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Rogers Communications Inc. and the Blue Jays are both providing a spring surprise: Rogers’ profit topped analysts’ forecasts as it signed up more wireless postpaid and internet customers and reported strong revenue growth from its media division.

Excluding one-time items, Rogers said Thursday afternoon, after markets closed, that it earned 90 cents per share, ahead of analysts’ average estimate of 75 cents, according to Thomson Reuters I/B/E/S. The earnings beat — EPS 20 per cent higher than forecast — was bigger than any in the past eight quarters. Rogers has topped expectations in seven of the previous eight periods, according to Thomson Reuters’ Eikon.

The results may mark a turning point for Rogers stock, which has bumped along over the last month of trading not far from the 52-week low of $55.63 it set March 26. The shares closed at $57.95 Thursday, up just over 1 per cent from the prior day.

Rogers said on Thursday it added 95,000 net postpaid wireless subscribers in the first three months of 2018, up by 35,000 compared with a year earlier. The Blue Jays, which Rogers owns, contributed to the 12 per cent gain in media-division revenue, analysts said.

In the U.S., earnings season shifts from financials to industrials, with several heavyweights on Friday morning’s agenda.

Industrial conglomerate General Electric Co., which has been struggling to rebound from 52-week lows in recent weeks, reports first-quarter results Friday morning. Shares advanced 2.4 per cent in Thursday trading in advance of the report.

The company reported a sharp profit decline in 2017 and is trying to woo investors with a new strategic plan for its business. Analysts expect first-quarter EPS of 11 cents, a 46 per cent year-over-year decline, on revenue of $27.45 billion. GE’s EPS has topped analysts estimates in 5 of past 8 quarters but missed past two (TR data); rev has beaten views in half of past 8 quarters, missed in half.

“We believe the run-rate of 1Q profits and messaging on 2Q/2H is likely to make it clear to anyone doing the math that consensus is a stretch,” JPMorgan analyst Steve Tusa, who rates the stock “underweight,” said in a research note.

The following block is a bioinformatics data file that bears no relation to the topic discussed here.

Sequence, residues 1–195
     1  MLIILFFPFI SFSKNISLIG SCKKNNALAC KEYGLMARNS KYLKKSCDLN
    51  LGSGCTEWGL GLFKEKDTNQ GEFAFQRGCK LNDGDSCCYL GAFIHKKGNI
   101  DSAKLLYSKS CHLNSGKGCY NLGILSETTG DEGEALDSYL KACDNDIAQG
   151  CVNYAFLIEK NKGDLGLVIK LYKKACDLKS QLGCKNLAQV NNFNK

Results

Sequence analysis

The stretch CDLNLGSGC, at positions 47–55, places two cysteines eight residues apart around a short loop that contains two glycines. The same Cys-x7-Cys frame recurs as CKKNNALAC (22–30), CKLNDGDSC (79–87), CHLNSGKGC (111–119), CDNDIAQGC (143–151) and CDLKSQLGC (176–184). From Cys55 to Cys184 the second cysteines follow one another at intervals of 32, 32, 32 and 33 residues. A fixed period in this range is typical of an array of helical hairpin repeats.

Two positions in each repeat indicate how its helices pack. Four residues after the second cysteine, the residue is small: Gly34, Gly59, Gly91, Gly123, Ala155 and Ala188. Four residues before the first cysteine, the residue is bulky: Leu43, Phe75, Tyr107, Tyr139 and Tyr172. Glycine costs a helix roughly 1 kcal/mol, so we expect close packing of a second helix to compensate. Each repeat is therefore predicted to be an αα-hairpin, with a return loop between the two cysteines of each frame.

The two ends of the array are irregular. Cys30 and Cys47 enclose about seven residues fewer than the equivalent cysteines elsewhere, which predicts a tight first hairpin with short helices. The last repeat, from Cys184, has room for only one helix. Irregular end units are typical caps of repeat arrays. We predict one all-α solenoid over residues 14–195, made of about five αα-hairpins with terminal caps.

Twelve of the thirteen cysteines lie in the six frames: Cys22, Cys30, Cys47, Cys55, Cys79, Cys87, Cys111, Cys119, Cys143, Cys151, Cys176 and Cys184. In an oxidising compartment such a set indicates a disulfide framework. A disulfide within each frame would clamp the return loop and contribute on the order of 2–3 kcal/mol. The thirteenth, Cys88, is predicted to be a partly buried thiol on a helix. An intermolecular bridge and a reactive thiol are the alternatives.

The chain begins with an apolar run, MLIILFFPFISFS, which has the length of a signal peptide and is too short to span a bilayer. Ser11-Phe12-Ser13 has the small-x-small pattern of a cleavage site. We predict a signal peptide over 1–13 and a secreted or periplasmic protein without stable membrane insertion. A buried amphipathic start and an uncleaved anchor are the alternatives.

Honeywell International Inc., which makes everything from jet engines to thermostats, is expected to report higher first-quarter profit and revenue, likely due to increased sales at its aerospace unit, its biggest business. The unit’s commercial aviation after-market division is benefiting from a rise in travel demand which is boosting sales of spare parts and services to the airline industry.

Analysts expect, on average, earnings per share of $1.90 on revenue of just over $10 billion. The company has exceeded estimates eight quarters in a row — but ever-so-slightly, with no beat greater than 2.3 per cent, according to Eikon.

Schlumberger NV is expected to report a rise in profit for the first quarter, helped by higher North America activity. Investors will watch for any impact from rail- and weather-related delays that caused rival Halliburton Co to lower its first-quarter profit forecast. Investors will also look for signs of accelerated growth in Schlumberger’s international operations that have benefited from crude prices rising above $70 a barrel.

Analysts expect, on average, EPS of 37 cents on revenue of $7.8 billion. Schlumberger, like Honeywell, has exceeded estimates in eight straight quarters, with two of the EPS beats in double-digit percentages.

Also Friday: Oilfield services provider Baker Hughes is expected to report a first-quarter profit, benefiting from higher oil prices that encouraged U.S. producers to add more rigs.

With files from Reuters

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